I know we all remember our first trip to Neverland, our first time meeting Peter Pan. And still without fail, every trip back is slightly different from the last. In Michael Lluberes’ adaption of Peter and Wendy by J.M. Barrie, Peter Pan: The Boy Who Hated Mothers took a small cast of seven adventures with 15 faces and urged us to explore once more.
It was in those double and triple castings that I found the most to think about. The lost boys were also the pirates who hunted them. John Darling was the bird who saved Peter’s life after a hook slice stranded Peter on the rock to drown with the rising tide. And, unlike the many other Pan variations, it was Mrs. Darling grieving over the loss of baby Michael who brought a new kind of hatred as Captain Hook.
The only actor who was not mutli-cast, as one might have guessed, was the title character played by Ben Peter. Perhaps due to his surname, this GMU sophomore successfully tapped into Peter Pan’s willful ignorance and kept those famous confusions over kisses and thimbles genuine and endearing. (Let me tell you, there were many thimbles for Peter Pan over the course of the show.) This Peter hinted at the darker repercussions of Lost Boys who never grow old while still keeping Tinkerbell and fairy dust alive.
For me, the most interesting character pair was Peter Pan’s enemy played by Catherine Gilbert. I found the strength of Captain Hook to come from the double meanings of his/her words. He hated all children because of what Peter Pan did to his hand, while she (Mrs. Darling) hated both herself for Michael’s death and Michael for leaving. Each feeling feeding back into the other on an endless loop, which dragged both down but had only one get back up again. It was in Gilbert’s speeches that she really connected with her characters; a villain’s vengeance and a mother’s grief.
Connected also in that familial loss were Wendy Darling (Jane), played by Deanna McCollum and John Darling, played by Adam Lemos. Both did a good job capturing the expressions of two disbelieving, enchanted, and adventurous siblings. John equipped with his snobbish top hat and Wendy with her tender hopes wrapped up into what Peter could not be.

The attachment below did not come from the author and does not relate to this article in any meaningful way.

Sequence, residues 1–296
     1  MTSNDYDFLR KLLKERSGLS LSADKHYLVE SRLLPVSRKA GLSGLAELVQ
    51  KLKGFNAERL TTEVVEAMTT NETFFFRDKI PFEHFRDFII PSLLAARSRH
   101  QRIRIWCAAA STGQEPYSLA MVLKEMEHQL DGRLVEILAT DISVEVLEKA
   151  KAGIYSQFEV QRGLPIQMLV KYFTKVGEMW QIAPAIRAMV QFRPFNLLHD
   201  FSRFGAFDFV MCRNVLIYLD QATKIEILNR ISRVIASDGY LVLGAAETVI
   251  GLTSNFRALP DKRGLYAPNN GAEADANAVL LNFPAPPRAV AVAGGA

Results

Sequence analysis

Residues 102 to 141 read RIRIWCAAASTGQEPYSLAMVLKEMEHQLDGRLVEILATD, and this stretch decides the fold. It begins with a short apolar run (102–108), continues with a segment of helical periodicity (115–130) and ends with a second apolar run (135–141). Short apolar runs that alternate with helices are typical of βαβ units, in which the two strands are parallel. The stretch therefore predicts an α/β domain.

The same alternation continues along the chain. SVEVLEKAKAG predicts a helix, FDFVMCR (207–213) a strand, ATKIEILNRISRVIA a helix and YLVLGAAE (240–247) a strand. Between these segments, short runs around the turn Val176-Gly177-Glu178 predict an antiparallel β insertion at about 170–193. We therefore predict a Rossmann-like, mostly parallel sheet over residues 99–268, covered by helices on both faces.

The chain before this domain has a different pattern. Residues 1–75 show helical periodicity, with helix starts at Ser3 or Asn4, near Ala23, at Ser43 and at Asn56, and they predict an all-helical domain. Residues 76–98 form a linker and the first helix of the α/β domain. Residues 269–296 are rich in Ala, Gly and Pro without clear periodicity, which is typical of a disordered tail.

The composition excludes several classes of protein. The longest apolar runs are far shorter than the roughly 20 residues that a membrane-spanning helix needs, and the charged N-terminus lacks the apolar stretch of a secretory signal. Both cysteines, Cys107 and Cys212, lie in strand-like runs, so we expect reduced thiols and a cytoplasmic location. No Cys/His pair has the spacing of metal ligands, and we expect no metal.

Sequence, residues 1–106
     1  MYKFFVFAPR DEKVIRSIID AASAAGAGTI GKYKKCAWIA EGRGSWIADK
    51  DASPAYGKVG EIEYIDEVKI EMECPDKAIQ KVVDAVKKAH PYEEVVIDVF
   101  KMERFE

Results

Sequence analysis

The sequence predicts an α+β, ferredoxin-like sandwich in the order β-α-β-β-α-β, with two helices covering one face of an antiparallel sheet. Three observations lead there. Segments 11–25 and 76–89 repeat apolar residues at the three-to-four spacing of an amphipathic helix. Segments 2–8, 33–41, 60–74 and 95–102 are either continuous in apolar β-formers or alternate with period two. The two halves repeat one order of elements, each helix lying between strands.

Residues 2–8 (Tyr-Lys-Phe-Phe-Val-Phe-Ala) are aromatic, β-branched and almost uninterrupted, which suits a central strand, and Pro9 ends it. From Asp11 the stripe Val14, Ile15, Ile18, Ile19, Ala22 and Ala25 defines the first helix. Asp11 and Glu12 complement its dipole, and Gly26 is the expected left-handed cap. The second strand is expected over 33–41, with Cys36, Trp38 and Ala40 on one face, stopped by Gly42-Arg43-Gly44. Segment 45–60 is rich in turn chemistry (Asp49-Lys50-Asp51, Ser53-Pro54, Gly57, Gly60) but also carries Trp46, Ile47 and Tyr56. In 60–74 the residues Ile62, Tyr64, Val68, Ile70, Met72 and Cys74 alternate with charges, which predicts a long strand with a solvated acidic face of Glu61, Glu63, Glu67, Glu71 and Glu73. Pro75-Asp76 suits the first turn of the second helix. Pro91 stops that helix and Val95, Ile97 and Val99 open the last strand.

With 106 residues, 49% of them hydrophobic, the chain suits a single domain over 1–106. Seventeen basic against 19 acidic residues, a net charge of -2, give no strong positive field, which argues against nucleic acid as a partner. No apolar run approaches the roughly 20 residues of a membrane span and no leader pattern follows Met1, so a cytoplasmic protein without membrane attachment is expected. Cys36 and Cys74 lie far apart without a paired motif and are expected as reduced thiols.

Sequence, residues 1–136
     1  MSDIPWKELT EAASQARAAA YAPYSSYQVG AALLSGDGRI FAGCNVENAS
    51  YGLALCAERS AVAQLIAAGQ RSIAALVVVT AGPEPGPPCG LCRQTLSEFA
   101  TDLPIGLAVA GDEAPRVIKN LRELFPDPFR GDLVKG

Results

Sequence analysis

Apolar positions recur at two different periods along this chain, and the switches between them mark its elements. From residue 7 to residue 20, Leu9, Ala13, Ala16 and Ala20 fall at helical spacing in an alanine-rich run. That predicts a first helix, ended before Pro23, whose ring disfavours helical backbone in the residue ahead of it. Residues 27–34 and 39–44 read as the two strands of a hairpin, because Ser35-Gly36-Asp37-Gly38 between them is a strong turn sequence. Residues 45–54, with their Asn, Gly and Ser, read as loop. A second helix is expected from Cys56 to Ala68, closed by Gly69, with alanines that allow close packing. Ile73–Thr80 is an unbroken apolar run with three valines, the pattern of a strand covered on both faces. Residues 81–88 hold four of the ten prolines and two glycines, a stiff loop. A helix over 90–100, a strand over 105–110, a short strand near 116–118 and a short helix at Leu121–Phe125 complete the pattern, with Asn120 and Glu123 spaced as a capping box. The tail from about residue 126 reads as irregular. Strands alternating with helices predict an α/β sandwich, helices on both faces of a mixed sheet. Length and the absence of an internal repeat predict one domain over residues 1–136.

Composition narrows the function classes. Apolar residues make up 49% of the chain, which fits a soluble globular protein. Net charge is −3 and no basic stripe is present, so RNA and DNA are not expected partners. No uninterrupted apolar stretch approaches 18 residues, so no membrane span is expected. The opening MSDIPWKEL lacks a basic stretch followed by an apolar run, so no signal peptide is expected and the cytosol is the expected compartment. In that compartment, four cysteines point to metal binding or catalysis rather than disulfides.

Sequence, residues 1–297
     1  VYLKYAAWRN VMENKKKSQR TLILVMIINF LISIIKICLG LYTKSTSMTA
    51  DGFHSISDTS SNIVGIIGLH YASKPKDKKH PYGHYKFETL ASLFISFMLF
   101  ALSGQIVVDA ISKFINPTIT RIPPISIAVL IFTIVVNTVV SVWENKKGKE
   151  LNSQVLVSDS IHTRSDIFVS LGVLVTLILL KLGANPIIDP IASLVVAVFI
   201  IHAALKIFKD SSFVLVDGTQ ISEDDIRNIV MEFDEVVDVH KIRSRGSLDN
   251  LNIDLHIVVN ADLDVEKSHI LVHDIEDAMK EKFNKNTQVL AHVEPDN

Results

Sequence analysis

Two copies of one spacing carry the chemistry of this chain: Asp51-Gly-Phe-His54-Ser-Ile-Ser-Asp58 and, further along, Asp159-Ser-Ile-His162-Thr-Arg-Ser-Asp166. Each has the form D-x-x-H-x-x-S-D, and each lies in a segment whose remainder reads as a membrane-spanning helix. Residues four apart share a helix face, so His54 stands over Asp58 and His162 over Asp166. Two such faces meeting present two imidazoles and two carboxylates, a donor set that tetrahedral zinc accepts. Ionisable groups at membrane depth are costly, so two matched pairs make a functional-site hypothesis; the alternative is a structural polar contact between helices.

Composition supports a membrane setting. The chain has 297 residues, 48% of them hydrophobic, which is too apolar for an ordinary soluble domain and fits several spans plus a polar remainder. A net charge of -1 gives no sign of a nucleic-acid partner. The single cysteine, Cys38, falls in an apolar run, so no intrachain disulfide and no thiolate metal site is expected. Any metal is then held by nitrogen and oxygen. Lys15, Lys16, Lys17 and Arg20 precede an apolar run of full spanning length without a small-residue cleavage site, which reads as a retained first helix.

For the rest of the small but mighty cast, MacKenzie Cahill as Nibs/Bill Jukes/Tiger Lilly nailed a spunky accent that would have made Daisy from Downton Abbey proud and had an innate ability to turn even the most straightforward line into a comedic gem.
Keenan Gibson whose Tootles was as earnest as his Smee was unaware, had physical reactions that kept the show rolling. Max Snyder rounded up the bumbling trio with a dash of know-it-all-ness as Slightly/Starkey. Together these three players took on the challenge to dirty up the lost boys and dress down the pirates. Challenges that were wonderfully aided by the directive choices made by the production’s director, Jessica Dubish. With commonplace items—a chest and a bed sheet—she showed us each corner of Neverland could be reached through objects we come in to contact with every day. (I also found it wonderfully appropriate that the cast played with the concept of object permanence their entrances, exits, and character shifts; actually disappearing behind a sheet, just like a child believes in playing peekaboo.) It was the right mixture of suspension of disbelief and open storytelling.
The overall transportation to Neverland was aided by some particularly clever projections, designed by Mary Grant; the lighting cues, directed by Maggie Riegel; and the sound design by Reid May. Using, again, just a bed sheet the crocodile was thrust into our midst with its dreadful tick-tock. On the set backdrop (designed by Alessandro Gaiarin) sprang up the wild branches of a magical forest, through which the small blue light and chimes of Tinkerbell danced. And on the nursery wallpaper a frightened boy’s lost shadow taunted and ran away.
If there were one comment I could leave this cast and crew to think over, it would be on the use of silence. Use each pause not only for the character to react in/to but for the audience to apply to their own lives. While it was clear from the quick pace of the lines that the actors knew their parts very well, the reflection on those lines and several pivotal moments was lost. Much of the magic in the story of Peter Pan is in the reflection that the audience enters into: about Peter, about growing up, and about themselves. I know personally every time I wade into the story of Peter Pan, I learn something new about what it means for all of us to grow up. There’s a power in that reflection—and in this show—that should not be missed.
Running Time: One hour and 40 minutes, with a 15-minute intermission.
Peter Pan: The Boy Who Hated Mothers performed by the Mason Players plays through Sunday, November 22, 2015 at the George Mason University Center of the Arts TheaterSpace – 4373 Mason Pond Drive, in Fairfax, VA. For tickets, call the box office at(703) 993-2787, or purchase them online.